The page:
How Regenerative Braking Works
Regenerative braking is a system used on electric and hybrid vehicles that allows them to save more electricity so that they last longer. This allows them to use less fuel and ultimately go farther between stops at the pump.
Regenerative braking works using a pretty simple process. When a normal gas car engages the brakes, it turns the kinetic energy from the car moving forward into friction used to stop it, which then dissipates and is lost.
When automakers were trying to make vehicles more efficient and were integrating electric batteries into cars, they wanted a way to save that energy so that their cars would go farther distances. They came up with regenerative braking, which gathers up that kinetic energy and heat, turns it into electricity, and feeds it back into the battery.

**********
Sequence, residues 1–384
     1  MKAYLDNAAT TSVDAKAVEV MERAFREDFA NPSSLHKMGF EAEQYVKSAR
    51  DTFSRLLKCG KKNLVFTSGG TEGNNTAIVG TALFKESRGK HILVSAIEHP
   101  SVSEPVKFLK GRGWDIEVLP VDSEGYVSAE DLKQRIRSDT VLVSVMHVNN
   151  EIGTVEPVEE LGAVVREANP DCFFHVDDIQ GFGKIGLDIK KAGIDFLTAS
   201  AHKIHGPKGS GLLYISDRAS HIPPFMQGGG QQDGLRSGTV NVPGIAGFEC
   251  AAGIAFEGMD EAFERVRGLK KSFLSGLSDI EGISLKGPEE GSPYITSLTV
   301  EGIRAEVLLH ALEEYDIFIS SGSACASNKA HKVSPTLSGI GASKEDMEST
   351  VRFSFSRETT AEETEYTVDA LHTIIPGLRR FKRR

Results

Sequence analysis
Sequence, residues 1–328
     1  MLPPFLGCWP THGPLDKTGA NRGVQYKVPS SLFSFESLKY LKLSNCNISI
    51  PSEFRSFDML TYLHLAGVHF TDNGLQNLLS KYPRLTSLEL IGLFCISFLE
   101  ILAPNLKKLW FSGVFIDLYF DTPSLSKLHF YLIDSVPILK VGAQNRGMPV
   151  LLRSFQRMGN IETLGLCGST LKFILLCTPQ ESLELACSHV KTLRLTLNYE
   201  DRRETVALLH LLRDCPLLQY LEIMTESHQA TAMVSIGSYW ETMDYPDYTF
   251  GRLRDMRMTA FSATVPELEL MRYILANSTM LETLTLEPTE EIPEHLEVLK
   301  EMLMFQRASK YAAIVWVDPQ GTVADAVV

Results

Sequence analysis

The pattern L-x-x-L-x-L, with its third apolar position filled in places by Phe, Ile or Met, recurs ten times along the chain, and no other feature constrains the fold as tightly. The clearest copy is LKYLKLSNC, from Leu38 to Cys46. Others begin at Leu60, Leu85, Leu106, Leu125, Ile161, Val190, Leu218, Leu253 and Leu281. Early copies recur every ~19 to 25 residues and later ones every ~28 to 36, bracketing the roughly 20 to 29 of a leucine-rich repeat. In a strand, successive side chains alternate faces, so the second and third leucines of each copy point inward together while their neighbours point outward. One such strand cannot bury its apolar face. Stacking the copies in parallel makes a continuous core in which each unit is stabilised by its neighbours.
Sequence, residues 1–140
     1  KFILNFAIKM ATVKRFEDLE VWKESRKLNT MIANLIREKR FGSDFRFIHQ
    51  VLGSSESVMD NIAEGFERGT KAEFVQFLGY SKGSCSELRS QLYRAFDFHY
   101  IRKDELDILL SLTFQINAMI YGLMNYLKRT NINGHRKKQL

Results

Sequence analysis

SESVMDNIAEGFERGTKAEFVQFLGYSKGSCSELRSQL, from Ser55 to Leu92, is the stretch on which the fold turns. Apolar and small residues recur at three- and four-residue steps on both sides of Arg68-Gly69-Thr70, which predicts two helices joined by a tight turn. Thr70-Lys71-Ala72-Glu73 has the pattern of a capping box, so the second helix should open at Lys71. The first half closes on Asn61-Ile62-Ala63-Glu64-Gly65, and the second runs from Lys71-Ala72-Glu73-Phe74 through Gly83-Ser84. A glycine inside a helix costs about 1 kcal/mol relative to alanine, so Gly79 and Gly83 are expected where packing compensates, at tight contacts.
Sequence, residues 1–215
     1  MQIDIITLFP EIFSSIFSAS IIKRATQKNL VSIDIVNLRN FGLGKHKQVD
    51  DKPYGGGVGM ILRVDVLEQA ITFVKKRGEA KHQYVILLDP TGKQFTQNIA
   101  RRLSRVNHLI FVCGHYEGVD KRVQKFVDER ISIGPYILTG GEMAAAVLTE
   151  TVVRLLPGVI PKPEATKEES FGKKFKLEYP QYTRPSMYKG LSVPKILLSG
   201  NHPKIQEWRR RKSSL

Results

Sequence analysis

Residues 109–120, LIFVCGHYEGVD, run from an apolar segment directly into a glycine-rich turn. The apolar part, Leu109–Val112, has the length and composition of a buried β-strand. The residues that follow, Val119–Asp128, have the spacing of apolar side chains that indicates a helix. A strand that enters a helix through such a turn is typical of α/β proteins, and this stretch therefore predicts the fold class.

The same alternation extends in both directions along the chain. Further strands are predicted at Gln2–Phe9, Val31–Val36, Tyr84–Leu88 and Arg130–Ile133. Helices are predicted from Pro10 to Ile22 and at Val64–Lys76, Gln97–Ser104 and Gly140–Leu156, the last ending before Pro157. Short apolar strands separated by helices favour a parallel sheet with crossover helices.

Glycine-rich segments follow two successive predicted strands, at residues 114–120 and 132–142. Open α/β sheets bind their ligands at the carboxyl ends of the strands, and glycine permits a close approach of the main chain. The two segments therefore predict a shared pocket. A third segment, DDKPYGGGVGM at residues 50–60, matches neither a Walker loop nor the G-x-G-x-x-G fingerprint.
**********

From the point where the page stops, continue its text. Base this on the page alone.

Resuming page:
This is why most hybrid and electric vehicles have better fuel economy ratings in cities than on highways, where it’s usually the other way around with gasoline cars. The more you brake, the more energy is created and funneled back into the battery. It doesn’t use electricity to brake because braking is a mechanical system, so when you brake in a hybrid or electric car you literally charge the battery.
Find out more about regenerative braking by giving us a call Crown Kia of Tyler.